The first day of school often brings an overflow of students to The Quad, but this year a real flood near campus posed a challenge for those trying to get to class on time.
Around 5 p.m. Monday, a malfunction in the control system of a city water storage tank caused the tank to overflow, flooding Sessom Drive and the nearby university tennis complex.
Tom Taggart, executive director of Public Services, said the issue was with the valve system in the nearby water tank.
“Normally, when the tank reaches the full level, those valves would shut and prevent any more water from going into the tank, and in this case the valve opened and the tank overflowed,” Taggart said. “The valve was in the open position when it should have been in the closed position.”
The flooding was a result of a malfunction in the controls, allowing the tank to overfill, Taggart said.
Taggart said city workers were able to get the valve back into position in about 25 minutes. Taggart said he had no estimate of how much water was spilled.
Tory Plunkett, head tennis coach, said it is too soon to properly assess the extent of the damages done to the tennis complex.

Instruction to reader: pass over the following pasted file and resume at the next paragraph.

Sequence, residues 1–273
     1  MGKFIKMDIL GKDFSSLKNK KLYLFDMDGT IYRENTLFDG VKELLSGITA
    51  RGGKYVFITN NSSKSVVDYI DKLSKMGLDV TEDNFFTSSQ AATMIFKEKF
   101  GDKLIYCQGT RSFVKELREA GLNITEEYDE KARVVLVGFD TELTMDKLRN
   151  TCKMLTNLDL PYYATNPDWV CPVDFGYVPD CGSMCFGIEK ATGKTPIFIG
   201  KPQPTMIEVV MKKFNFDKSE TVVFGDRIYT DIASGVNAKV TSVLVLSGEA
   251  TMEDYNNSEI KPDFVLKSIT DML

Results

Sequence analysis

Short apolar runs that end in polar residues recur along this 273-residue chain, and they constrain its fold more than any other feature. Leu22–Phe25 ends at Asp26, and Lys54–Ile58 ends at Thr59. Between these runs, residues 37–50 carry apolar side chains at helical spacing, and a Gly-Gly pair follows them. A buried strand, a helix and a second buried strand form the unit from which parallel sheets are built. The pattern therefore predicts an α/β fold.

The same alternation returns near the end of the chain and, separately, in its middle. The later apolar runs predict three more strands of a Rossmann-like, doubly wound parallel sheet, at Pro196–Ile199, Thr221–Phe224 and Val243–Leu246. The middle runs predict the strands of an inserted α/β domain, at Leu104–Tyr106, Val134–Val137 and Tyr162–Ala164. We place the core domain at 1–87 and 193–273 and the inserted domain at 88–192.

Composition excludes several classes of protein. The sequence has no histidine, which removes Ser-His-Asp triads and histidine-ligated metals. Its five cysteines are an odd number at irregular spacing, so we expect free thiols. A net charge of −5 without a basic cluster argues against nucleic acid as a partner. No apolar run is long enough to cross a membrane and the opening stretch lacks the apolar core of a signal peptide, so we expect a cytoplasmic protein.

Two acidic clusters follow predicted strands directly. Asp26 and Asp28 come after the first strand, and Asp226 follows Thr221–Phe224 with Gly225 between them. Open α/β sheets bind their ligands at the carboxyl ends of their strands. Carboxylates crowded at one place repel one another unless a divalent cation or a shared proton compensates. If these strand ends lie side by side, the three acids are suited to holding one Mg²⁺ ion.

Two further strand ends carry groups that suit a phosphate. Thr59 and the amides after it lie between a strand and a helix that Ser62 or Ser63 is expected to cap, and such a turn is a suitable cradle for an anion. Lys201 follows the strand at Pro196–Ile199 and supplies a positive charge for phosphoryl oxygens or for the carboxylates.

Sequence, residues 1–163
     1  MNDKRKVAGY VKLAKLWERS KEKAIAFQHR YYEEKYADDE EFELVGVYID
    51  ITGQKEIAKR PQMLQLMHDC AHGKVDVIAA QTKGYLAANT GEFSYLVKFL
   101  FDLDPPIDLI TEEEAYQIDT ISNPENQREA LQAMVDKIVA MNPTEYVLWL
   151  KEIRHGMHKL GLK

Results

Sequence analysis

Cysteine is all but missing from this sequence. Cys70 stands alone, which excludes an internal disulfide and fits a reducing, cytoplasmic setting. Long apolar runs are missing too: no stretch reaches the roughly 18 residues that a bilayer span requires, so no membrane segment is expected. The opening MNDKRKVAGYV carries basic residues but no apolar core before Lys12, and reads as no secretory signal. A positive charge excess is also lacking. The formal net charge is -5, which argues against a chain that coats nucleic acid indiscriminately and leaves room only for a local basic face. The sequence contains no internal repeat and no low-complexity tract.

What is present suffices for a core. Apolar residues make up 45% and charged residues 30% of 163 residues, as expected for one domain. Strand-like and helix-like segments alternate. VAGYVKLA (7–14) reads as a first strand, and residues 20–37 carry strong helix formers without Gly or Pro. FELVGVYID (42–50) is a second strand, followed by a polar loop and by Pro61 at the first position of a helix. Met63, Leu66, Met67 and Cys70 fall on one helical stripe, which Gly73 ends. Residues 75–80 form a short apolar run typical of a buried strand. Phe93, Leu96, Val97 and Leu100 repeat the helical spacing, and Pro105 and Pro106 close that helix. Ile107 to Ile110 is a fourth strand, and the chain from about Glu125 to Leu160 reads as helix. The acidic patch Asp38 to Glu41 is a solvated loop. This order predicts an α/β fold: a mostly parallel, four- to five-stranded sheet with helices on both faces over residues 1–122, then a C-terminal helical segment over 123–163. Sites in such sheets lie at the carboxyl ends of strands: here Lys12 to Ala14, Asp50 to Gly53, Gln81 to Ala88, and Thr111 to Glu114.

“Right now, we’re going have it wash it off and see what happens,” Plunkett said.
Plunkett said seven of the eight outdoor tennis courts were flooded, but the locker room was unaffected.
Students near the flooding complained that it made commuting more challenging.
“I couldn’t bike around down there,” said fashion merchandising senior Isabella Wisinger, who saw the flooding. “It could’ve made some people late to class.”
General studies junior Garret Glass made the best of the situation by skimboarding on the field near the tennis complex.
Skimboarding is a sport that requires about an inch of water, Glass said.
“I noticed that the water pump above the tennis courts was broken and it was spilling a load of water out and flooded the fields—it’s perfect,” Glass said. “I don’t get to skimboard very much, so it’s a good time.”